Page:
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    Hi, I'm stuck on the first question (1a) of excersize 7C. The question is:
    Show that:
     1+4cos2x + 6cos4x + 4cos6x + cos8x = 16cos4x  cos^4 x
    The examples on the pages before are all about sums of infinite geometric series which I understood, but I'm not really sure how this question relates to the example in any way.

    Help would be appreciated
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    Well you can write the LHS as \text{Re}(1+4e^{2ix} + 6e^{4ix} + 4e^{6ix} + e^{8ix}). As a hint, think Pascal's triangle... how can you factorise this expression?
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    Ah ye, I'm thinking its something to the power 4, because of those binomial coefficients. Is it (1+e^2ix)^4?
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    (Original post by jamie092)
    Ah ye, I'm thinking its something to the power 4, because of those binomial coefficients. Is it (1+e^2ix)^4?
    Yup, so you have to find the real part of (1+e^{2ix})^4.
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    (Original post by nuodai)
    Yup, so you have to find the real part of (1+e^{2ix})^4.
    Surely thats just (1+cos2x)^4?
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    (Original post by jamie092)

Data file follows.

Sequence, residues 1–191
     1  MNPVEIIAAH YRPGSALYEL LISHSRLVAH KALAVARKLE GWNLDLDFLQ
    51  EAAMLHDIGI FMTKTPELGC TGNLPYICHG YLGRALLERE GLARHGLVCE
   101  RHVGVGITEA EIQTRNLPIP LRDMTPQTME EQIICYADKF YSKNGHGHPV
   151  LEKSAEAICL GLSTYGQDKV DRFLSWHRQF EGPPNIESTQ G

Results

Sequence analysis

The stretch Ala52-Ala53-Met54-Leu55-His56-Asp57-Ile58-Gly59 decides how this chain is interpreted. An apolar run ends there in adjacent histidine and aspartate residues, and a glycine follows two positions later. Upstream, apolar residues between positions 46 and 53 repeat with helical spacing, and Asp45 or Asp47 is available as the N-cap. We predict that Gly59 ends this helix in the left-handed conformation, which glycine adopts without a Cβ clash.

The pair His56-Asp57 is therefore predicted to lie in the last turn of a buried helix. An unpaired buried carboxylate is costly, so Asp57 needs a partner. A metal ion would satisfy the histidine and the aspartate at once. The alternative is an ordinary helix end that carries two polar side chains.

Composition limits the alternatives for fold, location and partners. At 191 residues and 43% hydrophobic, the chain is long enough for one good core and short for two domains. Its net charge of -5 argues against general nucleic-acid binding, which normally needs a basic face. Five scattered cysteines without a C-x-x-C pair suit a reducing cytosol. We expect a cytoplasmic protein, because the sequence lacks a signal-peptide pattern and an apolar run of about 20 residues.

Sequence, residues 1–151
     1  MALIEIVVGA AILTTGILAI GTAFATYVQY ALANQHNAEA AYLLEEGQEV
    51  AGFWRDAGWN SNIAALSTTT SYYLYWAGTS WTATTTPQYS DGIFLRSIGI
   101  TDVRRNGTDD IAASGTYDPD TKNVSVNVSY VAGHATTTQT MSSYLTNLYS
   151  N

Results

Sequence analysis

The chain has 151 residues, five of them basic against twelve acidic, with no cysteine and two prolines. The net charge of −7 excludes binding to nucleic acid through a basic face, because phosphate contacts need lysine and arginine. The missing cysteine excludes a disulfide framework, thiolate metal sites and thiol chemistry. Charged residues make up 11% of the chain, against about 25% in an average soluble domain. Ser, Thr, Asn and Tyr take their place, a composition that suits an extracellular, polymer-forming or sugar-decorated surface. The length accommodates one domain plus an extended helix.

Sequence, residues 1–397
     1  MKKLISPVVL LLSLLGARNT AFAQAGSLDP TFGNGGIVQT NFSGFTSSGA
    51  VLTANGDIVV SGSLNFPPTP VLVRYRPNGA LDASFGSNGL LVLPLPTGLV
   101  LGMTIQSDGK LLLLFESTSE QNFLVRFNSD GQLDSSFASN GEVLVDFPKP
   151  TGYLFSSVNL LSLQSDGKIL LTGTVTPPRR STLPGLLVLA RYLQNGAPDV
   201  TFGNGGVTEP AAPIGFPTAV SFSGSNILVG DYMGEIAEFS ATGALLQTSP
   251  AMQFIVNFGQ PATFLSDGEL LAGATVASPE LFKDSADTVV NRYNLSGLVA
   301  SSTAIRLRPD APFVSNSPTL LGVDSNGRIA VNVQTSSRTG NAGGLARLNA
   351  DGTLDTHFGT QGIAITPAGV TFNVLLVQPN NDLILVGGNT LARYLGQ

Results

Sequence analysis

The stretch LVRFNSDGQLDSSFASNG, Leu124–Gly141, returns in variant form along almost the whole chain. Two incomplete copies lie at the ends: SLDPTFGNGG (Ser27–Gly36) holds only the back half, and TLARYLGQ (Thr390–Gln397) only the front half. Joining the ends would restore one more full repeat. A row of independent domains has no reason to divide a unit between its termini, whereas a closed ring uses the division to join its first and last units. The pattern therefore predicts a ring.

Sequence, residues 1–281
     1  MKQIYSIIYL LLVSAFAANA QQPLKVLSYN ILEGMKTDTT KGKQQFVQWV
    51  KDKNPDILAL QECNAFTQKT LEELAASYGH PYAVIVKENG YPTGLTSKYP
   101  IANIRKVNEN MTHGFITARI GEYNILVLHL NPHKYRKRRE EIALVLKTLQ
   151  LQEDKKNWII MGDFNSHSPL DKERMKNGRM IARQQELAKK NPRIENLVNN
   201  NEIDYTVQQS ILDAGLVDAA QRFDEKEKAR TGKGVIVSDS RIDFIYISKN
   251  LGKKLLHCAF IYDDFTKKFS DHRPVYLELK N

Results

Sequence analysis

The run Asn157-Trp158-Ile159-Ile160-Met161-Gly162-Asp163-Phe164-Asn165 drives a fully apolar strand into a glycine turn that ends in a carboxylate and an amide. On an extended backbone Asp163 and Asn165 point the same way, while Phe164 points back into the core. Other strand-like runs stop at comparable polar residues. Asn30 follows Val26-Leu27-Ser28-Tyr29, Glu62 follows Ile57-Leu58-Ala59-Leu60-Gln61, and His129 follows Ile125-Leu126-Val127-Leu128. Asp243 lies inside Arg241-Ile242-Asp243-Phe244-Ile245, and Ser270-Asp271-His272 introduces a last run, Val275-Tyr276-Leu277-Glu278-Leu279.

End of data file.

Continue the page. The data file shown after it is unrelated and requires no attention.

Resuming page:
Surely thats just (1+cos2x)^4?
    Nope, in general it's not true that \text{Re}(zw) = \text{Re}(z) \text{Re}(w) so you can't just take the "Re" inside the brackets.
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    (Original post by nuodai)
    Nope, in general it's not true that \text{Re}(zw) = \text{Re}(z) \text{Re}(w) so you can't just take the "Re" inside the brackets.
    Oh ye ofcourse ;<
    Well now I'm stumped =(
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    (Original post by jamie092)
    Oh ye ofcourse ;<
    Well now I'm stumped =(
    Well if z=x+iy then z^4 = x^4 + 4ix^3y - 6x^2y^2 - 4ixy^3 + y^4. You'll notice that the terms with even powers of y are real, and the terms with odd powers of y are imaginary (because of how the powers of i work). So set z=1+e^{2i\theta} = (1+\cos 2\theta) + i\sin 2\theta \equiv x+iy and expand as above. A bit of tedious algebraic manipulation should give you the right answer.
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    (Original post by nuodai)
    Well if z=x+iy then z^4 = x^4 + 4ix^3y - 6x^2y^2 - 4ixy^3 + y^4. You'll notice that the terms with even powers of y are real, and the terms with odd powers of y are imaginary (because of how the powers of i work). So set z=1+e^{2i\theta} = (1+\cos 2\theta) + i\sin 2\theta \equiv x+iy and expand as above. A bit of tedious algebraic manipulation should give you the right answer.
    ok thanks I'll give it a go
 
 
 
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